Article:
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LXD55 + ST-80 = outreach success!

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#1 obin robinson

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Posted 24 December 2013 - 07:58 AM

Last night I set up the LXD-55 with my 4.5" planetary/satellite camera in the driveway. I also brought out the ST-80 which I have on a camera tripod. My initial goal was to get some views of Venus and Jupiter as well as track a few satellites I haven't seen before.

Apparently the mere act of setting up all this neat stuff in the driveway attracted the neighbor's kids so they asked if they could look at what I was looking at as well. I said "of course" so they all came over and their father joined them.

The LXD-55 is on a tall wooden tripod I built for it. I took the CCD out of the focuser and put a few different eyepieces in so the kids could see the planets. The ST-80 tripod was dropped down low so they could move it around and look for objects on their own.

During the night I pointed out several satellites and told them why I track them. I pointed out the first one and then they all could pick out the others once I showed them what to look for. They all said they thought those lights were airplanes and then were in amazement that what they were seeing was actually in outer space!

After this I introduced everyone to the various apps and software I use during the night. They were so excited they brought out their iPad and downloaded Sky Safari. Over the course of the night we all looked at Venus, Neptune, Jupiter and its moons, several stars, clusters, Andromeda, as well as a handful of satellites. They had dozens of questions about space and were excited to learn about the planets as well as actually see them with their own eyed. Eventually it got too cold for them so they went inside and I stayed out to get images of Jupiter. I would say as an unintentional outreach it was a success.

Here is what I learned:

1) German Equatorial Mounts are absolutely awesome for outreach events. 5 to 7 year old kids just need a chair and they can see through the eyepiece regardless of the angle. No complaints were heard from anyone!

2) goto mounts make neat noises and move in ways that little kids thing is awesome. tracking is a necessity so that way when 4 kids and 2 adults cycle through the eyepiece it will look the same to everyone.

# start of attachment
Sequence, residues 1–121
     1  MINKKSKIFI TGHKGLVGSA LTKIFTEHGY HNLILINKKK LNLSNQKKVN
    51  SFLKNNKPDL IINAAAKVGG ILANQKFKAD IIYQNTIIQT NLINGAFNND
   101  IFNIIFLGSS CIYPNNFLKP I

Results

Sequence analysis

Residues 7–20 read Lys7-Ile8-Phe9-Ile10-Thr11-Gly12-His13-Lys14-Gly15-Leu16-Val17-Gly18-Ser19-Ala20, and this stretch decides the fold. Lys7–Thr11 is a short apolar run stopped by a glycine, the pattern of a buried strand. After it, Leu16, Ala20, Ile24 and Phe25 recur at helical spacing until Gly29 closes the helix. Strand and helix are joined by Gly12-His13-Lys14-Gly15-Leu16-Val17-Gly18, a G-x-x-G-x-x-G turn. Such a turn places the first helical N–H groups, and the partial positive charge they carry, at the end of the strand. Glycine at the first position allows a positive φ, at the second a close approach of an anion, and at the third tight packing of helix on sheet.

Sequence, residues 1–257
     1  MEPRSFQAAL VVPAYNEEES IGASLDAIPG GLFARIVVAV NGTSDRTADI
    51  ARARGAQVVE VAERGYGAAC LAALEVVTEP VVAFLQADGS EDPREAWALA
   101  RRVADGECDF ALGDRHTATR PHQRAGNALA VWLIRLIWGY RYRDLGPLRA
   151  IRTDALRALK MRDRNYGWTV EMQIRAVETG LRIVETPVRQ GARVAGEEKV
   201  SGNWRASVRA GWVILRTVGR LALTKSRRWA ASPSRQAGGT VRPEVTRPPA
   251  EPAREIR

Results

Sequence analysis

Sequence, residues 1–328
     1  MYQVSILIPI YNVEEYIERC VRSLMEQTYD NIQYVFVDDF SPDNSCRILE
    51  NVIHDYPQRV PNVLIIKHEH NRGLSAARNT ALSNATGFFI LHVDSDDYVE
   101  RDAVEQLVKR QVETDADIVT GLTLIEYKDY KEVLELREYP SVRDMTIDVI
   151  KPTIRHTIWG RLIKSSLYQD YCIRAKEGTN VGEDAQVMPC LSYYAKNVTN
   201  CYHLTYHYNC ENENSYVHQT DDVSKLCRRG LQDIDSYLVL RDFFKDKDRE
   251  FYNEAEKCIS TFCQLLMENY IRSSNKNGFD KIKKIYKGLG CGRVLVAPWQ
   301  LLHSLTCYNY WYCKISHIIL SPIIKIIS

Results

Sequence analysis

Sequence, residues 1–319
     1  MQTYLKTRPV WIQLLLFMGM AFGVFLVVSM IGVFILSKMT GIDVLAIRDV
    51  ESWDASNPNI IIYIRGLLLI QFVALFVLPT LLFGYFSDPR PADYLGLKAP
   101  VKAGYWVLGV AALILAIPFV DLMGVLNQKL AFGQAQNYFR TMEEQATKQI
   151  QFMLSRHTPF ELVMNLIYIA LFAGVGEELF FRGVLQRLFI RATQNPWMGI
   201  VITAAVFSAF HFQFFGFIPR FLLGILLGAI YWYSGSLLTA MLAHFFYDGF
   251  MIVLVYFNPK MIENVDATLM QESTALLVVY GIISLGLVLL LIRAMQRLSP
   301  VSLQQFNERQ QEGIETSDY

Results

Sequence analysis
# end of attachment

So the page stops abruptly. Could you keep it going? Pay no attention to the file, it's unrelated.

3) A rich field refractor on a short camera tripod is perfect for outreach. It is the perfect complement to a more powerful telescope and it enables kids to see the wide and narrow view back to back.

I have included a quick and simple photo of my setup. It was not designed for any outreach but it sure worked well. The red light is my front door light and it doesn't kill night vision at all. The blue light low to the ground is my 'atomic' clock for syncing goto computers as well as tracking satellites.

obin :)

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#2 btb

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Posted 24 December 2013 - 08:47 AM

Sounds like a good time was had by all.

#3 StarStuff1

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Posted 25 December 2013 - 07:04 AM

Very nice, Obin. You may have sparked an interest that will grow into a career, either amateur or pro.

#4 t.r.

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Posted 28 December 2013 - 08:15 AM

I like the red security light...perfect!!! Why haven't I thought of this for my back deck?!?! :foreheadslap:

#5 Fish

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Posted 31 December 2013 - 06:53 PM

Good evening,

You think kids like hearing and watching a mount move? Add an iPad to the mix and watch the 20-somethings!

I was floored this past fall when I was at the Acadia Night Sky Festival, arguably the largest public outreach in the State of Maine. I had a Kunming 150mm f/5.9 scope on an older Meade LXD-650 mount. Rather than use the keypad I had an iPad running Sky Safari controlling the mount.

During the entire time of the star party I (and many other scope owners) had a line 10+ deep at the eyepiece. But what amazed me were the number of people just fascinated with the iPad's view of the sky, the blinking cursor showing the scope's current deep sky target and how it could manage the mount's motion.

I honestly had some younger folks more interested in the iPad screen than the actual target. Some were even surprised when I said that you could actually see the real target in the eyepiece!

Technology is wonderful but this example makes you wonder if the big picture is being missed.

Regards, Marc






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